By Howard Kurtz
Washington Post Staff Writer
Tuesday, January 15, 2008
The Washington Times reached into its chief rival's newsroom for a new executive editor yesterday, naming Washington Post national reporter John Solomon to succeed Wesley Pruden at the paper's helm.
Solomon was an unexpected choice to take over what Pruden, who has run the Times for 16 years, has long described as a conservative newspaper. But Solomon, 41, who spent two decades at the Associated Press and is not known as an ideological journalist, said he doesn't view the paper in those terms.
"I'm still going to do the same style of journalism," he said. "It's going to be about being fair and balanced and accurate and precise. . . . There needs to be a bright line between the journalism on the news pages and the commentary that appears on the editorial and opinion pages."
Thomas McDevitt, the paper's publisher, said Solomon has a great "nose" for stories and that "we wanted to find a working journalist with some area of expertise that was related to our strategic vision -- enterprise and investigative reporting." He called Solomon a "virtuoso" who could beef up the paper's online offerings and "a leader who can motivate the talent in our newsroom. If we want to play in the big leagues, we've got to do some things differently."
"Of course," McDevitt added, "there has to be a cultural fit."
Erik Wemple, editor of Washington City Paper, said that "having a guy like this who not only comes from a fiercely independent newspaper, but has a fiercely independent reputation himself, is refreshing. This is one of the first real, solid moves the Washington Times has made in a long time."
Solomon said Times executives have promised him there will be "no political interference" and that he is "very comfortable" with the fact that the paper is financially supported by members of the Unification Church. He said that during the interview process he met with Hyun Jin "Preston" Moon, the son of church founder Sun Myung Moon and the chairman of parent company News World Communications.
Solomon is a gregarious, slightly rumpled journalist with a dogged reporting style. In November, he collaborated with CBS's "60 Minutes" on an investigation into a discredited FBI forensic tool that raised questions about the conviction of hundreds of defendants.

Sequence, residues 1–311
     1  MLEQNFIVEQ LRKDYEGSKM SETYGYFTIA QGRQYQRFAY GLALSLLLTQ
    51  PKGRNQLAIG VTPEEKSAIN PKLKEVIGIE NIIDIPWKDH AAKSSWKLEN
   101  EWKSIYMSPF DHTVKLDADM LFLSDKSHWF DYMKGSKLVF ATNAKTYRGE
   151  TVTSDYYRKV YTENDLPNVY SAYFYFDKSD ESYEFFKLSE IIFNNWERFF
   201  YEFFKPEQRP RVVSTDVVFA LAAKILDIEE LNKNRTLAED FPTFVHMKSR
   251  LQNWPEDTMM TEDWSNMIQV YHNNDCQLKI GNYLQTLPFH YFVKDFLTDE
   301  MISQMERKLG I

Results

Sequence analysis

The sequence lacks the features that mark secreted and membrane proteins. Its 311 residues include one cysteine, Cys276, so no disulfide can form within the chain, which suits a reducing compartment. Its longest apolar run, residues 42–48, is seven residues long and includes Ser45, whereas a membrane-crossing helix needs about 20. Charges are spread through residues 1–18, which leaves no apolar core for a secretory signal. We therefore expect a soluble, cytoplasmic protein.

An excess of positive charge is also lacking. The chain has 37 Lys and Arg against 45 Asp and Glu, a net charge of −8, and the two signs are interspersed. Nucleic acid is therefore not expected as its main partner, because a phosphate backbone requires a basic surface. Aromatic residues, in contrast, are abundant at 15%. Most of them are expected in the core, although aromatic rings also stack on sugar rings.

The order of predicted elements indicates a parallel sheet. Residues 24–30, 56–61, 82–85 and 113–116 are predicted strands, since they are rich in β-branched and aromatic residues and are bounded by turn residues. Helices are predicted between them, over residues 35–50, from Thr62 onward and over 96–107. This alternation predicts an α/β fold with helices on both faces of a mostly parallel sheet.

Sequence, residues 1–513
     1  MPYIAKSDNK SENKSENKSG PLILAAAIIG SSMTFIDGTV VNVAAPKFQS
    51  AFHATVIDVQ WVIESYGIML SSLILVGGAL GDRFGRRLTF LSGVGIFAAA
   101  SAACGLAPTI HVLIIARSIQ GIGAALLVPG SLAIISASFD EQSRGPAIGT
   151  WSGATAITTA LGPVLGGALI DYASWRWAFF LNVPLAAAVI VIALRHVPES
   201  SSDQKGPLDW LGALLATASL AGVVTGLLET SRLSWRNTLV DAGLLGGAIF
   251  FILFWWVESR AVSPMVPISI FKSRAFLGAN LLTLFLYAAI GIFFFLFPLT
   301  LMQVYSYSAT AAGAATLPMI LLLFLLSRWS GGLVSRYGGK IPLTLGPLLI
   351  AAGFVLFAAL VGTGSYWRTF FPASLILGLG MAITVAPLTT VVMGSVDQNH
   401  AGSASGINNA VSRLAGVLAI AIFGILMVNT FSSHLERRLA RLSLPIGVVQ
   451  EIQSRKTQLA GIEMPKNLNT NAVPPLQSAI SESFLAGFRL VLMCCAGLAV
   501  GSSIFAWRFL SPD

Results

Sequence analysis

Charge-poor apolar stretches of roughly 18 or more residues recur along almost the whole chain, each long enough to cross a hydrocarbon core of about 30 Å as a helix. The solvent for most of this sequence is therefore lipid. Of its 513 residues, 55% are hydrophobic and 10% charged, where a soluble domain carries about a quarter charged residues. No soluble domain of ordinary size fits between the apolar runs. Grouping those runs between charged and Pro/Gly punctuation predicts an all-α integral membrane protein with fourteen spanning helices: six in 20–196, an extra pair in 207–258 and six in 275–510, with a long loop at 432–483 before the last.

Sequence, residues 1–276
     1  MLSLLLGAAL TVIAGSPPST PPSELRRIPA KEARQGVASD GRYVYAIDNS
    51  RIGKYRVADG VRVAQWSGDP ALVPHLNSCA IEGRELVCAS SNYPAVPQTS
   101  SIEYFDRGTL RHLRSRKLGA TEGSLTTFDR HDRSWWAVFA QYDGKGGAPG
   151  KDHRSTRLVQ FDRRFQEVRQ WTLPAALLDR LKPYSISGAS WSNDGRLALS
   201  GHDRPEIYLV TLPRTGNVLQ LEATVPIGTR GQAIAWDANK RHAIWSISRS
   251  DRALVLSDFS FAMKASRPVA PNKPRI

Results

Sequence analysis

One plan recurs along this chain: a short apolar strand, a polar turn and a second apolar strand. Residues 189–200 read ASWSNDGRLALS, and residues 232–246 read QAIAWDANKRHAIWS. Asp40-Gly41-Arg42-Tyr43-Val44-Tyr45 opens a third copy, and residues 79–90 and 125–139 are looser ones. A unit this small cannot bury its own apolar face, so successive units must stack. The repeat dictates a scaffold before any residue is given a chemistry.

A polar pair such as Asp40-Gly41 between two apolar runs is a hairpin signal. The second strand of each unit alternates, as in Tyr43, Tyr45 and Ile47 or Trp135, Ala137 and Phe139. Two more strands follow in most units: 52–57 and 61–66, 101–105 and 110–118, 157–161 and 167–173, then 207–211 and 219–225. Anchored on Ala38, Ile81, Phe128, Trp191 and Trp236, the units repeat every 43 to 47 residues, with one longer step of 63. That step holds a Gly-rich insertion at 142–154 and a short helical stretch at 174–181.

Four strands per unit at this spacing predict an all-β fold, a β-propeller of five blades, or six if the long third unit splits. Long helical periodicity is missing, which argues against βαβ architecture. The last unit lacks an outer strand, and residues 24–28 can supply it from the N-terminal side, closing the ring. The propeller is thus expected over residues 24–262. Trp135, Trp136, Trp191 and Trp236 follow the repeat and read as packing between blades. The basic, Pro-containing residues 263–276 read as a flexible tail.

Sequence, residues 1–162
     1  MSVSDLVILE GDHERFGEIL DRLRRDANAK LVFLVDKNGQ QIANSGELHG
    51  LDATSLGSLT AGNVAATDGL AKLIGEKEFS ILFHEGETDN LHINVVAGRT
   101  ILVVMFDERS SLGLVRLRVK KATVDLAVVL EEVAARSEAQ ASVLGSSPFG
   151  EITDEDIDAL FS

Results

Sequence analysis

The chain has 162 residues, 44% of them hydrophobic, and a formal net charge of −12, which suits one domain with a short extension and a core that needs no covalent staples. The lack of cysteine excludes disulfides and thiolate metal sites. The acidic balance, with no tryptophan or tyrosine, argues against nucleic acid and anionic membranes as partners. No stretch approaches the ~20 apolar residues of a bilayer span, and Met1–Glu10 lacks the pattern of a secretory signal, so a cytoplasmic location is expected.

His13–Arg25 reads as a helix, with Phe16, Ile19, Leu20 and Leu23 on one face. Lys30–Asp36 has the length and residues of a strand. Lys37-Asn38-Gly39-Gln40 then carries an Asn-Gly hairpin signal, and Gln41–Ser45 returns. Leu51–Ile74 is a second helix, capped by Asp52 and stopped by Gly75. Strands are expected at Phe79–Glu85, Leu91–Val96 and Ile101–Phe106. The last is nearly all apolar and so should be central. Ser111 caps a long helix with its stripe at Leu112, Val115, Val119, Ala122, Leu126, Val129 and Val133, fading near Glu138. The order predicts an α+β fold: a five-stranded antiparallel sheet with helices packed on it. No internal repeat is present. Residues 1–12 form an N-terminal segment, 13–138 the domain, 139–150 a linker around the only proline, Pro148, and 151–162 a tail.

At the AP, Solomon served as assistant Washington bureau chief for a half-dozen years. He presents a sharp contrast with Pruden, who ran the Times while also writing a pugnaciously conservative column, which will continue despite his stepping down from a full-time role. Last week Pruden described Hillary Clinton as "everybody's candidate for bitch-in-chief."
Managing Editor Francis Coombs, who was passed over for the job, told his staff that he was resigning.
In a statement, Pruden said the Times has been "the fearless alternative to The Post and the mainstream media -- rowdy, independent, politically incorrect by design -- and I've been assured that won't change" under Solomon. Asked if he sees the paper as a right-leaning alternative to the establishment media, Solomon said: "The Times has prided itself on trying to find stories others have missed."
The Times has a daily circulation of 100,000, compared with 691,000 for The Post, and 40,000 on Sunday, compared with 945,000 for its bigger rival. But the Times helps drive the national agenda, particularly among conservatives, through its Web site, national edition and editorial and commentary pages.
Solomon said that being first or second in print circulation "doesn't matter" because in the digital age "people want to interact with the news and learn more than you can fit into a 30-inch hole in a story."
The Times has been a feisty competitor to The Post but has occasionally been accused of pursuing an agenda. In 1999 Pruden defended a front-page piece headlined "Media Abuzz With Rumors That Clinton Fathered Boy," based on a false rumor, by saying that journalists and political insiders were talking about the allegation.
Solomon's reporting for The Post, where he worked for one year, has drawn both praise and criticism. He has written about Bill Clinton earning nearly $40 million in speaking fees over six years, members of Congress devising new ways to secure funding for home-state projects, and an internal audit finding possible violations by the FBI while it sought information in national security cases.
After he co-authored a front-page story on Democratic presidential candidate John Edwards having consulted for a hedge fund, The Post's ombudsman, Deborah Howell, wrote that "the facts are eminently worth reporting, but the tone of the story implied that consulting for a hedge fund . . . is incompatible with caring about the less fortunate."
Solomon also co-authored a report that the previously undisclosed buyers of Edwards's Georgetown house were under federal investigation. Howell wrote that "it seemed like a 'gotcha' without the gotcha," since the former senator said he never spoke to the buyers.
Solomon, who starts his new job Jan. 28, described his time at The Post as an "extraordinary experience, but this opportunity was too good, for my family and for me professionally, to turn down."